Saint Louis Art Museum Opens Five Centuries of Japanese Screens

. October 21, 2009

The Saint Louis Art Museum opened Five Centuries of Japanese Screens: Masterpieces from the Saint Louis Art Museum and the Art Institute of Chicago, a major exhibition that showcases rarely seen masterpieces of Japanese screens from the permanent collections of the two museums.

Morita Shiryu
Morita Shiryu, Japanese, 1912–1998; Dragon Knows Dragon, 1969; four-panel screen: aluminum flake pigment in polyvinyl acetate medium, yellow alkyd varnish, on paper; 63 3/4 x 120 7/8 inches; The Art Institute of Chicago, Gift of Mr. and Mrs. Milton Fisher 1981.364

Unprecedented in its inclusion of premodern and contemporary works, Five Centuries of Japanese Screens, brings together rarely-seen masterpieces from the collections of the Saint Louis Art Museum and the Art Institute of Chicago. These exquisite examples of a traditional art form evoke feelings of tranquility and peace. Usually meant to be viewed folded, Japanese screens are functional works of art that are part utilitarian object and part creative expression. Their large size allows for artists to create sweeping visions that occupy a distinctive position in Japanese culture.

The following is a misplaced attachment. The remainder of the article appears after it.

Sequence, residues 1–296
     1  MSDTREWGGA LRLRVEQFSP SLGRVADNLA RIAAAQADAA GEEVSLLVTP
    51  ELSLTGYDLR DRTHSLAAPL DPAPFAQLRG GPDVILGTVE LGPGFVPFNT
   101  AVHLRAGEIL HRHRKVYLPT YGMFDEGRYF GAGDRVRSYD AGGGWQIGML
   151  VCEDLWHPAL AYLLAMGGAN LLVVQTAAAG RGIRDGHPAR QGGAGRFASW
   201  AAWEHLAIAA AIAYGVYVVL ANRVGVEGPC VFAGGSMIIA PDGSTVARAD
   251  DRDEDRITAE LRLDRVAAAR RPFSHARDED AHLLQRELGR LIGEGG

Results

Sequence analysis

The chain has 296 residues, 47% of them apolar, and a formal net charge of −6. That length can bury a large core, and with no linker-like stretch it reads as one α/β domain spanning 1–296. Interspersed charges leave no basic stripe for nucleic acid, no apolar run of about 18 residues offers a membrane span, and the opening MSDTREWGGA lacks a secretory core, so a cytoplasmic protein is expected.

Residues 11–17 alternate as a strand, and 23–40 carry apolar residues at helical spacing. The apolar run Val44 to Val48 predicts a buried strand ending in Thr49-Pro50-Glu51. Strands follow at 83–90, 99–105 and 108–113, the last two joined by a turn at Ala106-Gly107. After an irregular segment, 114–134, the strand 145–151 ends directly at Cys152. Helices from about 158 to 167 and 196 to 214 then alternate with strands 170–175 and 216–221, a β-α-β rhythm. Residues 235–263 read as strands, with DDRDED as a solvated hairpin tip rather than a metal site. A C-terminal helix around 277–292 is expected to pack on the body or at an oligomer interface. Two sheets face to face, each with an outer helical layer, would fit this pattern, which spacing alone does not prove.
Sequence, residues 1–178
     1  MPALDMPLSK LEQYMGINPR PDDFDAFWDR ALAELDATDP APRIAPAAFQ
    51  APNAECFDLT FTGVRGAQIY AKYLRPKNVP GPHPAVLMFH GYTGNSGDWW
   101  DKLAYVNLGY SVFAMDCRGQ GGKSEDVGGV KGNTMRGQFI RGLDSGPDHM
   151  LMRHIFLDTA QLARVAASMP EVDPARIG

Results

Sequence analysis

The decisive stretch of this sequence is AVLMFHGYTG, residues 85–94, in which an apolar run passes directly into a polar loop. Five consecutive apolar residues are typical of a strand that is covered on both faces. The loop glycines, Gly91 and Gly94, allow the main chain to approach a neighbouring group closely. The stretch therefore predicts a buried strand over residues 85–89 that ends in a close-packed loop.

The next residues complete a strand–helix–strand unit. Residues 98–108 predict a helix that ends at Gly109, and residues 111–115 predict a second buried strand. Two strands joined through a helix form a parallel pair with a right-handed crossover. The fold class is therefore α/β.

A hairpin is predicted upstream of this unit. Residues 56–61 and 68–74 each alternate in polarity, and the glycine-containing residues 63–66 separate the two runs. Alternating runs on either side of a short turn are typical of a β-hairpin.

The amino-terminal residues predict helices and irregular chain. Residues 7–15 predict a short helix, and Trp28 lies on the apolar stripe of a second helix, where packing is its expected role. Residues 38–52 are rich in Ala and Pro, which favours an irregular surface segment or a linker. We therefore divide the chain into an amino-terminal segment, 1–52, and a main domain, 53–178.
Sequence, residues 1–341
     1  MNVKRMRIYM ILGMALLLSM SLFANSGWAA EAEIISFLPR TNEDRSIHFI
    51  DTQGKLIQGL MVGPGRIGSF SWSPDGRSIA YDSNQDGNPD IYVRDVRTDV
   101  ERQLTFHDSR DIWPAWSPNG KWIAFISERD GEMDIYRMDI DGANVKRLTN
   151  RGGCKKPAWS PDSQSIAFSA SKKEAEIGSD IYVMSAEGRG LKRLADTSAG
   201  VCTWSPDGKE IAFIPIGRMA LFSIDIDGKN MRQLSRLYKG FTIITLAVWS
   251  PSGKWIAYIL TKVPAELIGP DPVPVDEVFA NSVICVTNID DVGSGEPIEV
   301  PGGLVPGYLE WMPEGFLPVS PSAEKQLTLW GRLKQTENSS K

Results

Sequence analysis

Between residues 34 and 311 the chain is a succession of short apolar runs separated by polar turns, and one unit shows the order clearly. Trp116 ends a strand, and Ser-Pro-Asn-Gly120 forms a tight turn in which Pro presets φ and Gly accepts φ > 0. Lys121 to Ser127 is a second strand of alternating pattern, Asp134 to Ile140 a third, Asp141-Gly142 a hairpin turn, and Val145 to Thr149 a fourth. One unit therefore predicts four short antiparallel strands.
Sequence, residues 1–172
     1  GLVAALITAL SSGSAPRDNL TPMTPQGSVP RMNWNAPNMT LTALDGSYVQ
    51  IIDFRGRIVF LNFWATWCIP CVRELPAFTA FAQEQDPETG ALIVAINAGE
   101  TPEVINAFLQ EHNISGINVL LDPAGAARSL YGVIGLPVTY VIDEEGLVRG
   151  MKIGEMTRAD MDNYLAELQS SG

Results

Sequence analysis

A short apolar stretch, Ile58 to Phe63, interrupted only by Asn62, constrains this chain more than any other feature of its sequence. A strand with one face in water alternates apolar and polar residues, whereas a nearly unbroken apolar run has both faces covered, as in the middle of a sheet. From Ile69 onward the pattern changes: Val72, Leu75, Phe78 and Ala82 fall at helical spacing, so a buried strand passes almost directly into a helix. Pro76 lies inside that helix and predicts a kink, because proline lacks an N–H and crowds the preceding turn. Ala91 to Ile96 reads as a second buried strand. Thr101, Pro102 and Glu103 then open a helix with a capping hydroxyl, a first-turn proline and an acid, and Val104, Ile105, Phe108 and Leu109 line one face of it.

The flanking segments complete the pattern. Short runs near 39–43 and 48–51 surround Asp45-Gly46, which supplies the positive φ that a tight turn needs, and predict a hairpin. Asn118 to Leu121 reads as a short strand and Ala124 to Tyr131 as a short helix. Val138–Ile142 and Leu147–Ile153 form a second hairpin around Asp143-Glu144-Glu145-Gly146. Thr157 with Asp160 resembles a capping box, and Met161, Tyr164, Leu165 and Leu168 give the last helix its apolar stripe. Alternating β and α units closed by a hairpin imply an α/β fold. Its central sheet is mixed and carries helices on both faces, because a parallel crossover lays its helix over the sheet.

The Saint Louis Art Museum and the Art Institute of Chicago have united to present an exhibition that showcases a selection of the finest examples of Japanese folding screens, or by?bu, in their collections. This show is the first major exhibition to feature traditional Japanese screens on paper or silk along with modern and contemporary examples in less orthodox media such as lacquer and ceramic. The exhibition offers a rare and welcome chance for Museum visitors to see numerous impressive works together and experience the collective impact of these large-scale works.

Five Centuries of Japanese Screens includes 13 of the most important screens or pairs of screens from the Saint Louis Art Museum’s collection and 16 from the Art Institute’s collection. Due to their fragility and sensitivity to light, these screens are rarely seen in such large presentations.

Both the Art Institute and the Saint Louis Art Museum have been fortunate to acquire important works of art to include in the exhibition and catalogue. St. Louisans Oliver and Mary Langenberg, who through the Langenberg Endowment Fund, have made possible the recent acquisitions of Bamboo with Chinese Yew and Deer with Maples, attributed to Hasegawa T?gaku, with calligraphy by Tetsuzan S?don, as well as the beautiful Irises and Eight-Fold Bridge screen by Sakai H?itsu. The Museum has also benefited from the William K. Bixby Trust for Asian Art, funds given by Mr. and Mrs. Gyo Obata, and funds given by Mrs. James Lee Johnson Jr., through the Art Enrichment Fund toward the purchase of one of three parts of the series Mountain Lake Screen Tachi by ?kura Jir?.

Category: Antiques News

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